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John von Neumann Reconsidered

IP.com Disclosure Number: IPCOM000129611D
Original Publication Date: 1989-Jun-30
Included in the Prior Art Database: 2005-Oct-06
Document File: 4 page(s) / 22K

Publishing Venue

Software Patent Institute

Related People

JEAN R. BRINK: AUTHOR [+2]

Abstract

This essay offers a general assessment of von Neumann's life and his contributions to computer science. Responding to biased attacks on von Neumann's political stance, this essay attempts to rectify misrepresentations of von Neumann's position on national defense and scientific research. Categories and Subject Descriptor. K.2 [Computing Milleux]: History of Computing -- people. K.4 [Computing Milleux]: Computers and Society -- general. The oldest of three boys, John von Neumann was born in Budapest on December 28, 1903. In the United States he came to be known universally as Johnny, perhaps because he was already known by the Hungarian Jancsi. Von Neumann belonged to the group of Hungarian mathematicians and physicists including Eugene Wigner, Edward Teller, Leo Szilard, and Denis Gabor, who have substantially contributed to twentieth-century science.

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THIS DOCUMENT IS AN APPROXIMATE REPRESENTATION OF THE ORIGINAL.

Copyright ©; 1989 by the American Federation of Information Processing Societies, Inc. Used with permission.

John von Neumann Reconsidered

JEAN R. BRINK

This essay offers a general assessment of von Neumann's life and his contributions to computer science. Responding to biased attacks on von Neumann's political stance, this essay attempts to rectify misrepresentations of von Neumann's position on national defense and scientific research.

Categories and Subject Descriptor. K.2 [Computing Milleux]: History of Computing -- people. K.4 [Computing Milleux]: Computers and Society -- general.

The oldest of three boys, John von Neumann was born in Budapest on December 28, 1903. In the United States he came to be known universally as Johnny, perhaps because he was already known by the Hungarian Jancsi. Von Neumann belonged to the group of Hungarian mathematicians and physicists including Eugene Wigner, Edward Teller, Leo Szilard, and Denis Gabor, who have substantially contributed to twentieth-century science.

Von Neumann came from an affluent Jewish Hungarian family. His father Max von Neumann, a successful lawyer, was elevated to the nobility. The Hungarian honorific "Margittai" was later germanized to "von." The family was bilingual in Hungarian and German. When von Neumann entered the Lutheran gymnasium at 10, where Wigner was already enrolled, he came into contact with Laszlo Racz, a teacher who perceived his mathematical talents and arranged with his father for special tutoring. Von Neumann studied in both Hungary and Germany. To visit Gottingen, an important center for European science, as von Neumann did, was to meet David Hilbert, Werner Heisenberg, Max Born, and Erwin Schrodinger. Other visitors included Albert Einstein, Wolfgang Pauli, Linus Pauling, J. Robert Oppenheimer, and Norbert Wiener.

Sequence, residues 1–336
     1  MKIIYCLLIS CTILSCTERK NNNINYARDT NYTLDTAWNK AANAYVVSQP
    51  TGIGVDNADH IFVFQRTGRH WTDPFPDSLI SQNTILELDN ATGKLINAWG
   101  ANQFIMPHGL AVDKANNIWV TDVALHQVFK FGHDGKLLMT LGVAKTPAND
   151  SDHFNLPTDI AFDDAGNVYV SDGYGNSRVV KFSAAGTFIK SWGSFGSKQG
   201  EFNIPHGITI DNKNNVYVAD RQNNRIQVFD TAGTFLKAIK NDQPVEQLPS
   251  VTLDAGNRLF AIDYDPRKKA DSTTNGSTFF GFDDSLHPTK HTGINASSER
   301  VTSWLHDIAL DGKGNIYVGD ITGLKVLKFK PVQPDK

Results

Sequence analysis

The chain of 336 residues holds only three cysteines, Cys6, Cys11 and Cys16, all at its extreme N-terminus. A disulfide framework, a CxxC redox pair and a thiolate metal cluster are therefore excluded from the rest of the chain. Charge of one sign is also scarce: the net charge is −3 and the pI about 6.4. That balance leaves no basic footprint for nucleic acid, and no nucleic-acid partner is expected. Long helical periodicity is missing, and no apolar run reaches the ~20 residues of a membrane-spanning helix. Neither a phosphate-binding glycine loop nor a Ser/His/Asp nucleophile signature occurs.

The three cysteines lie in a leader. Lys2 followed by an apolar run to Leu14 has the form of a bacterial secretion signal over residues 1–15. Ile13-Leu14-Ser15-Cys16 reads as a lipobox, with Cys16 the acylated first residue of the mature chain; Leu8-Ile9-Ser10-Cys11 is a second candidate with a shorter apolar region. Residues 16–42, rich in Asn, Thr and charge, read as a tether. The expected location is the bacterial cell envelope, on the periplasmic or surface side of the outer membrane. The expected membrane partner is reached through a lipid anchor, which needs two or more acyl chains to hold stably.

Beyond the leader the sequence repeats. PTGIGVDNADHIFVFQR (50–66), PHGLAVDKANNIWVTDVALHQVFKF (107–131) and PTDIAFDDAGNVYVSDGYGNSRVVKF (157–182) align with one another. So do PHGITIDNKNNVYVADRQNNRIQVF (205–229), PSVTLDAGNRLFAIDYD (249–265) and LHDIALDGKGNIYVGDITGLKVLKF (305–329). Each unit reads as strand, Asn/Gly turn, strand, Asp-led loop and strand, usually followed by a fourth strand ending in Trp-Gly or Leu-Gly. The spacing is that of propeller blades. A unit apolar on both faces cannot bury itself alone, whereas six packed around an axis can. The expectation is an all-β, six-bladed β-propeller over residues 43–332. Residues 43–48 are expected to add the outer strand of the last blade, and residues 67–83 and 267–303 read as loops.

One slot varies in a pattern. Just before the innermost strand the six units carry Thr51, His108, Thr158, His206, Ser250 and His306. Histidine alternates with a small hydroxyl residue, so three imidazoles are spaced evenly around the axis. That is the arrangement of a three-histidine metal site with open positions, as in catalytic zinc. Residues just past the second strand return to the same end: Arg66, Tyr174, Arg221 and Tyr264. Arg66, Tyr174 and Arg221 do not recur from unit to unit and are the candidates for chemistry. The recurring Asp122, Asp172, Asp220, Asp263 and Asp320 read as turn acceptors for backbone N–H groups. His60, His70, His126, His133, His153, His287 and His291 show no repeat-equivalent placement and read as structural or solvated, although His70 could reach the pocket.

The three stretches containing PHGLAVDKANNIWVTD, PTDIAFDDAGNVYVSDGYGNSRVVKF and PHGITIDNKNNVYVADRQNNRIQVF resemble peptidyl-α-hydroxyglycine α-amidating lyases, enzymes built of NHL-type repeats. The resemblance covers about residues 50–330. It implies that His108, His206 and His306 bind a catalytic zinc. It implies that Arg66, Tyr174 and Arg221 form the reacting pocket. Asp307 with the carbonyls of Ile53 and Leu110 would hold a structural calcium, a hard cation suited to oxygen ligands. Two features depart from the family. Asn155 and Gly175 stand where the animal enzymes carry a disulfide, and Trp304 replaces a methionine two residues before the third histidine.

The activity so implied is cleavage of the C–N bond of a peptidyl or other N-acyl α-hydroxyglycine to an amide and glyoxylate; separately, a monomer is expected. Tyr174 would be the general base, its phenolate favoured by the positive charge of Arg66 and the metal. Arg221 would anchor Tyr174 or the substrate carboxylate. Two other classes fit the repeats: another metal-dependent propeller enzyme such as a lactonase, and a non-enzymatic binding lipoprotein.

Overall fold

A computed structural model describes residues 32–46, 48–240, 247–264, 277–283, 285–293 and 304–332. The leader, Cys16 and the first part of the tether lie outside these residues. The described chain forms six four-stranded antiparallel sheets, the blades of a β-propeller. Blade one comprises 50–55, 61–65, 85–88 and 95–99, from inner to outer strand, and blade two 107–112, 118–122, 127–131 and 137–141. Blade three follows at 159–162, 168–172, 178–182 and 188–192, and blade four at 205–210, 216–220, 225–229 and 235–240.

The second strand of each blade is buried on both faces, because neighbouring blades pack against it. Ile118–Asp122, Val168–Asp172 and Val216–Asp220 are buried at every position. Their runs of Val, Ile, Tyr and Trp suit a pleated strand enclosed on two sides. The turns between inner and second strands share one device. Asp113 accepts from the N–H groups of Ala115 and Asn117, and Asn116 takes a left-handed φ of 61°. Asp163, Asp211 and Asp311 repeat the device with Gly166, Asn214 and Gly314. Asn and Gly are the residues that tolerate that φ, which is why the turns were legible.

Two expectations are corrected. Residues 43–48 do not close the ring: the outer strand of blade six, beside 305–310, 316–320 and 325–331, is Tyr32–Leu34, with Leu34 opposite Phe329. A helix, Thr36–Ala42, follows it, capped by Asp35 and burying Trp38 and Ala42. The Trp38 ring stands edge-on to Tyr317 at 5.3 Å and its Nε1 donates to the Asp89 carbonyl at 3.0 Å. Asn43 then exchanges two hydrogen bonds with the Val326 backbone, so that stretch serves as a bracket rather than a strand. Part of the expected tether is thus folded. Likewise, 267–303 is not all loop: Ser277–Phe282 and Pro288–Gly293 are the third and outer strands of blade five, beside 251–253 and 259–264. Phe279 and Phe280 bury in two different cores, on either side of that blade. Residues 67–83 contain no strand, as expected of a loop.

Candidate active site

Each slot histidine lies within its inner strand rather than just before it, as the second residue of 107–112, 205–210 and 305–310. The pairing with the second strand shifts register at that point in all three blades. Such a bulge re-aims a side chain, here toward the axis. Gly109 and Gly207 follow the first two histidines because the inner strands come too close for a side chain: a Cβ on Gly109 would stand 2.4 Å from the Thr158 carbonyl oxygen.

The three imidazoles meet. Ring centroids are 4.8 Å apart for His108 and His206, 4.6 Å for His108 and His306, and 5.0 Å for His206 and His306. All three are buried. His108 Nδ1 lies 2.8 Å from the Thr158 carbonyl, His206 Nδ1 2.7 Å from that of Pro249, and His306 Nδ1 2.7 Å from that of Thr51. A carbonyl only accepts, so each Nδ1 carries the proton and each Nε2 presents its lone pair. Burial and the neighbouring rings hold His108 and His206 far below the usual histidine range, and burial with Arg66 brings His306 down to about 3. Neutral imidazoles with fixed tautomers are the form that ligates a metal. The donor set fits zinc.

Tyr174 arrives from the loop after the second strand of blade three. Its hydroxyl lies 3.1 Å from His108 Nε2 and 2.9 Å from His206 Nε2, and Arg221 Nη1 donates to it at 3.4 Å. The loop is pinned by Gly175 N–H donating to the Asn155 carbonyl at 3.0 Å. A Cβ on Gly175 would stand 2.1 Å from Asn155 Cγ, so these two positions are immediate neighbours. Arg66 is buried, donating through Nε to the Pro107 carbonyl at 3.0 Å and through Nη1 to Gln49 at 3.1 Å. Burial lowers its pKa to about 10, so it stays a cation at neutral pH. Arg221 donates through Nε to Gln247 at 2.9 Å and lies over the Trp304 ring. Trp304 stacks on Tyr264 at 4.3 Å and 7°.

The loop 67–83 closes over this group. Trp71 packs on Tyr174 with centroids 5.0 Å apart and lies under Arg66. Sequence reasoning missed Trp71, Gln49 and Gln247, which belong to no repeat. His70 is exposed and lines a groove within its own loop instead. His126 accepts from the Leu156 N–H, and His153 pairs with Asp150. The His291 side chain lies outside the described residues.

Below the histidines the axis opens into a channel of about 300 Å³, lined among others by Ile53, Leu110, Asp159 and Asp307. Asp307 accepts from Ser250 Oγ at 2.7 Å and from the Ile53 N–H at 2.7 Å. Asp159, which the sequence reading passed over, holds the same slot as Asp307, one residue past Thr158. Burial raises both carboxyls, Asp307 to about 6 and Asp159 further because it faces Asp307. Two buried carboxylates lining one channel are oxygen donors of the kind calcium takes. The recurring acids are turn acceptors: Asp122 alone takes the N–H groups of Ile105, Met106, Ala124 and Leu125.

Von Neumann was one of the rare men of extraordinary scientific genius who was as engaging personally as he was brilliant mentally. Colleagues relate anecdotes concerning his foibles, but all with a touch of nostalgia because his charm, as well as his intelligence, endeared him to those who knew him best. Von Neumann was of medium- size, slender as a young man, heavier as he grew older. His colleagues teased him about dressing like a banker. Perhaps because he was the son of a banker, he habitually wore three-piece suits with a neatly buttoned coat and a handkerchief in his pocket. Cheerful and gregarious, he was a great raconteur. According to his friends, he was not mechanical enough to change a tire on his car.

Because of his powers of concentration, von Neumann could appear absentminded. He would sometimes start out on a trip and then have to call home to find out with whom he had an appointment and where it was to be. He loved off-color limericks and repeated them at parties. Especially fond of children, he enjoyed their toys so much that friends would give him joke gifts ...